2012-2013 Season

Notebook: Trey Burke plays hero in comeback win

At different points throughout this season, Trey Burke, Michigan’s All-American point guard and Player of the Year front-runner, has been accused by fans of playing “hero ball.” He’s been accused of trying to take over games by himself, and perhaps he’s taken a few too many step-back threes.

After a first half in which he was held scoreless and did more passing than shooting, Burke was the hero in the dying seconds of regulation in Michigan’s overtime win over Kansas.

Down three points with 14 second to go, Burke fouled Kansas senior Elijah Johnson to put him on the free throw line in a one-and-one situation. Johnson missed the first free throw, Tim Hardaway Jr. secured the rebound, and Burke got the ball. The 30-foot 3-pointer that Burke hit with a hand in his face to send the game into overtime is now etched into Michigan basketball lore.

Burke explained the confidence John Beilein has in his ability to hit that shot.

“He sees me hit that shot in practice. You guys see the games, when shots go in and out,” Burke said. “I missed them in the past, but tonight it went in.”

In two games against Ohio State, both at home and away, Burke launched a step-back 3-pointer for the victory or late lead. Last season, he took one at the end of a road game against Arkansas. Each time, he caught back rim or the ball rimmed out.

John Beilein said that despite all of that, he keeps going back to Burke in those situations with confidence.

“Most of the misses that he’s had, whether it was at Arkansas, whether it was against Ohio State this year, the ball’s been in. In and out. And he works at them and he’s been great at shot clock time so many times for us.  But to win a game just hasn’t happened.

“But we love coaching him because he’s got courage.  He wants to take shots like that, and that’s why we’ve let him take them in the past.”

Mitch McGary explodes for another huge game

Combined over Michigan’s past two games, Mitch McGary has scored 46 points, shooting 79 percent from the field, and grabbed 28 rebounds. That’s pretty good. Trey Burke had a better word for it after Michigan’s 87-85 Sweet Sixteen victory over Kansas:


Burke went on: “He’s done a terrific job over the last two weeks of just getting in the gym and getting his mind right. Mitch is that type of guy who can come off the bench and give us a spark or start and give us a spark. He definitely gave us one tonight.”

McGary was matched up with one of the top big men in the country in Jeff Withey, and the freshman center more than held his own. Withey tallied 12 points and eight rebounds, but it’s safe to say McGary got the better of the senior big man on Friday.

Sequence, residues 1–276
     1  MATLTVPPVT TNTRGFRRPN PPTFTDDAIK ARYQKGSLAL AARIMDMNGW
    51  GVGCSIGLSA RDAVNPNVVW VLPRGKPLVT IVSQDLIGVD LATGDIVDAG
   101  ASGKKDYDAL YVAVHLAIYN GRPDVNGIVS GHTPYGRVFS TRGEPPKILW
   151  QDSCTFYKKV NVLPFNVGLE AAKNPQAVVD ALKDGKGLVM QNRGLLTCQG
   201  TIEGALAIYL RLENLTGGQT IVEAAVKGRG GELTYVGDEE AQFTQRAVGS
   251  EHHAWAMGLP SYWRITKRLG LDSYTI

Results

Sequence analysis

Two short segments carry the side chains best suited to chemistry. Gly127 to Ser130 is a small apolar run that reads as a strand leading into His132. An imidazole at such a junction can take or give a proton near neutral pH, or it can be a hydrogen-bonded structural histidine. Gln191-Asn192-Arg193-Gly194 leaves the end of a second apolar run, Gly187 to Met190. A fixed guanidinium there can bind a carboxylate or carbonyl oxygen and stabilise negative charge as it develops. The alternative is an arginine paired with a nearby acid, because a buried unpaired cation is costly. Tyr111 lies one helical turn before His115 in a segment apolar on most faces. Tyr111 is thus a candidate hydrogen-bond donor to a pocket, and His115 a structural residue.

McGary showed true offensive versatility, drawing Withey away from the basket with a couple big midrange jumpers, getting fouled while making one of them. He also came up huge in big moments: McGary had four points in overtime, two of them after an offensive rebound and fadeaway jumper on the block to put Michigan up three.

“He says if you play hard in practice, you’re going to earn these minutes.  And I play hard in practice, so he allows me to get the minutes in the game,” McGary said after the game Friday. “I go out and have the same mentality and play hard with a lot of intensity and a lot of energy.  Trey finds me and Tim finds me for easy drop‑offs, and our team feeds off the energy, so I’m happy.”

Michigan shores up defense down the stretch

The first-half offensive statistics for Kansas were nothing less than staggering: the Jayhawks shot an effective 71.4 percent on field goals and teetered near 1.2 points per possession in the first frame.

Michigan was keeping up offensively, but the Wolverines simply couldn’t stop Kansas on the defensive end. Beilein said he thought both teams were a step slow defensively.

“It looked like everybody was a step slow out there, the heat in the building and maybe a little bit of anxiety about going into this game,” Beilein said. “Both teams looked tired to me defensively.”

In the second half, however, Michigan clamped down. The Wolverines clearly came out with a renewed defensive focus and played much better, especially in the interior.

“For me, actually, I was helping off Withey a little bit and going for blocks that I couldn’t get,” McGary said of the defensive strategy. “In the second half I just talked to the coaches and made an adjustment just to stick with my man and try to make the guards finish.  And I think we did that well and they weren’t finishing as well in the second half.

“Overall I think we tightened up the defense.  Only one guy was hitting threes, McLemore and Johnson.  But we wanted to be in the gaps and try to gap off when they were driving to the rim.”

Tip times announced: Michigan’s Elite Eight game against Florida will tip off at 2:20 eastern time this Sunday on CBS.

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